He added, “While the hearts of every American are with our fellow citizens in the path of a massive storm, today we remember how the gathering storm of the 20th century broke into warfare and invasion followed by the unspeakable hardship and heroism shown by the Polish people.”
As he recalled those sacrifices of the Polish people, Pence also remembered the “16 million Americans who left the peace and comfort of home to fight, to liberate Europe.”
It has been 80 years since Nazi Germany invaded Poland, sparking a conflict that wreaked devastation across Europe.
President Trump had planned to make his second official visit to Poland this weekend and speak at the commemoration but last week asked Pence to attend in his place because of Hurricane Dorian.
German Chancellor Angela Merkel and Ukrainian President Volodymyr Zelensky attended the ceremony, along with other European officials. Russian President Vladimir Putin was not invited following tensions with Polish leaders.
Pence and Zelensky, a former comedian who was elected in April, met later Sunday. Pence did not respond to questions from reporters at the top of the meeting, including questions about whether the Trump administration would still allocate $250 million in planned security aid to Ukraine, which is being reconsidered, according to U.S. officials.
But as national security adviser John Bolton looked on, Pence broadly assured the Ukrainian president that “we will continue to stand with the people of Ukraine on your security, on territorial integrity, including Ukraine’s rightful claim to Crimea.”
Attendees at the commemoration gathered in the sprawling square, waving Polish flags as a marching band played and soldiers marched. There was some scattered support for Trump’s reelection campaign in the crowd, with one “Trump 2020” banner visible.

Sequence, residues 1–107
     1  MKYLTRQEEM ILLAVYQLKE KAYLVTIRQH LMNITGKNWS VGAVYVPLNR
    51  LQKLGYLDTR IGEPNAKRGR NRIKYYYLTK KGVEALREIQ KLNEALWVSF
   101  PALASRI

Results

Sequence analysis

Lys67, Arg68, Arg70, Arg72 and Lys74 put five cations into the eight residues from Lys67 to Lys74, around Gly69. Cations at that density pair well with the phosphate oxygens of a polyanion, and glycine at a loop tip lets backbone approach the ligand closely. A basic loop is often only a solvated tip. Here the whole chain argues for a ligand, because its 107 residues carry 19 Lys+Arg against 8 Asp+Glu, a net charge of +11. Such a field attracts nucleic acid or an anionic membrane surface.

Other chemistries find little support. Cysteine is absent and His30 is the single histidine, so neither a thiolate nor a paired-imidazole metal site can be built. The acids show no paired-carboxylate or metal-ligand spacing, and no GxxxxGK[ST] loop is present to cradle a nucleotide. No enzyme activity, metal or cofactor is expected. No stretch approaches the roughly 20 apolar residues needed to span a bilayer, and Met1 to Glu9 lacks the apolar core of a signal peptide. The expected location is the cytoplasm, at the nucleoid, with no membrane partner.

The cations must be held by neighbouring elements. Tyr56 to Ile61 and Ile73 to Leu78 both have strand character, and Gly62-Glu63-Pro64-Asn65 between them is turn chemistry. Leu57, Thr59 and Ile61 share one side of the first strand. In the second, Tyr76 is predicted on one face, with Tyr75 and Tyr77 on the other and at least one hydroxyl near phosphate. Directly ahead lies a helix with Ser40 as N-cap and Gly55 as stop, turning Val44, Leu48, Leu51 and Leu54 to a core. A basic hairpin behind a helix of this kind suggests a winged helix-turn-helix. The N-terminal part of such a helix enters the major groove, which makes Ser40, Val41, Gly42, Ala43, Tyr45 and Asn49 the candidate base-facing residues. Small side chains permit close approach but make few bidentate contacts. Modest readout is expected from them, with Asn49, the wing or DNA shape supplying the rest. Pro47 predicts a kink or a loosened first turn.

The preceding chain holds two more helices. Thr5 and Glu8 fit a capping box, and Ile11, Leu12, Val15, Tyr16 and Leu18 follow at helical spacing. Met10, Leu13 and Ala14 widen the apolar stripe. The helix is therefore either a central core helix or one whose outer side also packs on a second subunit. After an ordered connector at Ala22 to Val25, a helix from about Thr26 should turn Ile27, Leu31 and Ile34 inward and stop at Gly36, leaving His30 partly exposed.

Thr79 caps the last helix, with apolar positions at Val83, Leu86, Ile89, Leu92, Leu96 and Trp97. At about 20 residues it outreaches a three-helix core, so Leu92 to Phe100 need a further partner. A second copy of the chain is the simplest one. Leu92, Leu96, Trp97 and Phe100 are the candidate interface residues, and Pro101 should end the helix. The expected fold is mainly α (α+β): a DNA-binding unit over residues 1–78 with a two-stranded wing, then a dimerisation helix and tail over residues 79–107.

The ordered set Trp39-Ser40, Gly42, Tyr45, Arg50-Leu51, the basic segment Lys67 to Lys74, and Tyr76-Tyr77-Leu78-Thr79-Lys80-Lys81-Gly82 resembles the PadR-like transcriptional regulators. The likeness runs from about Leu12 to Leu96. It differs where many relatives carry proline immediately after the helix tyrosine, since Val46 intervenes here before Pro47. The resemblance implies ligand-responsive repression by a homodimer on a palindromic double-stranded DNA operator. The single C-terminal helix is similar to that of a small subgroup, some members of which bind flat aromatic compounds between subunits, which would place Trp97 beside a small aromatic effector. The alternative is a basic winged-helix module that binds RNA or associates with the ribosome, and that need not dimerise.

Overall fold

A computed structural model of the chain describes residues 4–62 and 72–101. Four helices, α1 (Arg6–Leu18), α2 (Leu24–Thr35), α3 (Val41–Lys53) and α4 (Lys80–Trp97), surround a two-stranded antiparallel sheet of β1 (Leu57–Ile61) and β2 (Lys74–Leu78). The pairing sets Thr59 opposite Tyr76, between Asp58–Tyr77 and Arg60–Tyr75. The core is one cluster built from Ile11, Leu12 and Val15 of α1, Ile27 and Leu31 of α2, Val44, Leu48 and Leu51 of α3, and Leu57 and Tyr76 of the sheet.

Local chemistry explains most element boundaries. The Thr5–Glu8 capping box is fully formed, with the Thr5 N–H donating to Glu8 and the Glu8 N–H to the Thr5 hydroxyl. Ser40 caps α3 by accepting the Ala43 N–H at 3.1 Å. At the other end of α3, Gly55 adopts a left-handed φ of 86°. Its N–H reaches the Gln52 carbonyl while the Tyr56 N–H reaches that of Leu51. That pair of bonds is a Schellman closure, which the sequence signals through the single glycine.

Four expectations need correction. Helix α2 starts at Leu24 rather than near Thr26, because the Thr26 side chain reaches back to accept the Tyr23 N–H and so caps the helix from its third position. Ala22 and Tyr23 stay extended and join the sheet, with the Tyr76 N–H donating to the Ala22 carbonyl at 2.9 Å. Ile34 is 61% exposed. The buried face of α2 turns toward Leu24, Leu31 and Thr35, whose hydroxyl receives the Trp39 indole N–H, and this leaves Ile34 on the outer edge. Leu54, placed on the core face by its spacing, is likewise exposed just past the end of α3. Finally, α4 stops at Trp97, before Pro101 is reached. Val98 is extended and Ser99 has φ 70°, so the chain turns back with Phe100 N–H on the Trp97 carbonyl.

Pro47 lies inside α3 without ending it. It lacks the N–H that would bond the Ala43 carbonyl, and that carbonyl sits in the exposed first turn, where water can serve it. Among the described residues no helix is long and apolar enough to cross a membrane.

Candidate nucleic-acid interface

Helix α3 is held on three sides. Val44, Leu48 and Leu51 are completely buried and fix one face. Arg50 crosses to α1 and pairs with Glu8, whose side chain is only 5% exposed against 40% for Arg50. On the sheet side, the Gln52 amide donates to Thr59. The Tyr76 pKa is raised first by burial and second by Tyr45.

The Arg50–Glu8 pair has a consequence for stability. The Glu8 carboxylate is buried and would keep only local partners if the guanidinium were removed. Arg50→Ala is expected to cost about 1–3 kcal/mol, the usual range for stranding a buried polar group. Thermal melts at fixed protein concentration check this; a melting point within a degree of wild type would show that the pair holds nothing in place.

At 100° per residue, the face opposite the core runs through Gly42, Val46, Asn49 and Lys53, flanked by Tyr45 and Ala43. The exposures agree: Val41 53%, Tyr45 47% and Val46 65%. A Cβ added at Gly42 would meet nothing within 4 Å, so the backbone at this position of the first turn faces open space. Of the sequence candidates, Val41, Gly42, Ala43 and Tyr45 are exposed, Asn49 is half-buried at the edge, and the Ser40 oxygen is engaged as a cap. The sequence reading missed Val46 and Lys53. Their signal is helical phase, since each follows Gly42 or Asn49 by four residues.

Pence’s speech was heavy on themes of freedom and faith, quoting Pope John Paul II, who visited the same square during his historic trip to Poland in 1979, and Aleksandr Solzhenitsyn, the Soviet dissident and author.
The Polish experience since World War II, Pence said, proves “where the spirit of the Lord is, there is freedom.”
Pence criticized the “twisted ideologies of Nazism and Communism” in which, he said, “all morality became socialist morality. Whatever served the power of the state and its slave masters became justified, even murder on an unprecedented scale.”
He also called out the “unspeakable evil of the Holocaust” that “systemically murdered more than 3 million of Poland’s Jewish citizens.”
Hovering over Pence’s visit, however, is a friction point: Poland remains the only country in the European Union that does not have comprehensive legislation to deal with the restitution of private property confiscated by the Nazis — and, in Poland’s case, later nationalized under communist rule.
The Trump administration has been slow to call out Poland’s nationalist government as it chips away at democratic institutions, breaches the country’s constitution and spurs anti-LGBTQ sentiment. Most recently, the country’s deputy justice minister was forced to resign after it emerged that his ministry had waged a harassment campaign against judges resisting government efforts to control the judiciary.
But the Trump administration has weighed in on the issue of restitution of Jewish property, a matter that is politically fraught in Poland. Earlier this month, a bipartisan group of 88 senators led by Marco Rubio (R-Fla.) and Tammy Baldwin (D-Wis.) urged Secretary of State Mike Pompeo to press Poland to settle the issue.
A White House official said last week that Pence hopes to come to an agreement with the Polish government in meetings Monday about cybersecurity and the next-generation 5G wireless network.
Amid a trade dispute with China, the Trump administration has pushed European nations to punish Huawei, the Chinese telecommunications giant, on national security grounds.
Pence is scheduled to have a bilateral meeting with Polish President Andrzej Duda on Monday. Other issues on the agenda include the planned increase of U.S. troops in Poland, which has riled Russia, and visa requirements for Poles traveling to the United States.
Loveday Morris and Ellen Nakashima contributed to this report.